So, I just finished reading a novel on my phone. Stepping up to the plate, I downloaded Cory Doctorow’s Down and Out in the Magic Kingdom (which is a blast, by the way) from booksinmyphone.com and gave it a go.
And you know what? It was great. It was easy to read. It didn’t strain my eyes. It slipped into my pocket when I changed tube trains and it jumped straight back to the right place when I slid it open again. Alex has a few good points on problems with booksinmyphone’s interface, but overall the experience was a joy. I was done in a couple of days – slightly above average for me.
I recently had a go at reading Charles Stross’ Accelerando in the ebook version – a similarly great, near-future novel – and gave up about half way and tracked down a paper copy. And in hindsight, the reason was obvious: I was reading it off a laptop. That’s miserable. Put it on a phone, and it immediately becomes wieldable.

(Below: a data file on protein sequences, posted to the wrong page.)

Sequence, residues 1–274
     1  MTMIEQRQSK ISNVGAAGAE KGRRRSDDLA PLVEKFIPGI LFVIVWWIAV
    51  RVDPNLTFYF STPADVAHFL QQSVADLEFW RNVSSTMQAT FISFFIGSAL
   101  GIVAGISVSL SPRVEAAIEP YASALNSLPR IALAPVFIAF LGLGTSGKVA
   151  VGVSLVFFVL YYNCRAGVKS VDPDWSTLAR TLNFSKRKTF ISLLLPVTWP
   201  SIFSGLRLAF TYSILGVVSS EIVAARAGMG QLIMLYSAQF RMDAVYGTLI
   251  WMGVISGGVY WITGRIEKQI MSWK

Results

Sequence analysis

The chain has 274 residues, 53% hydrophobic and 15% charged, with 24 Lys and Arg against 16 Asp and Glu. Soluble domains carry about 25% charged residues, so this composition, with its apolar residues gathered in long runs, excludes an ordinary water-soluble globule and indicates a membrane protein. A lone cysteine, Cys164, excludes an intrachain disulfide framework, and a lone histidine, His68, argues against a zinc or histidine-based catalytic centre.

My phone is a Nokia N95. It fits in the hand, but has a nice big screen (pictured right, courtesy, again, of Alex) – about 40mm x 55mm. Comparing that to the 100mm x 160mm block of text you get on the average B-Format paperback page means you get about a third of the line length, and a third of the page height. But once again – it really didn’t seem to affect my reading. I even found myself reading it in bed, even when I’d only started out of necessity when I found myself on a bus without a book.
Does that imply it was better? Well, I’m not going to go that far – yet. My paper books don’t run out of batteries, for starters, and the platform is still suffering from format fatigue (Mobipocket has the best range, but they’re still priced too high, and the free stuff doesn’t cut it), but I’ll definitely be reading more this way. And with the recent news that cellphone novels – books not only read but written on mobiles – are beating out the bestsellers in Japan, I’m not the only one.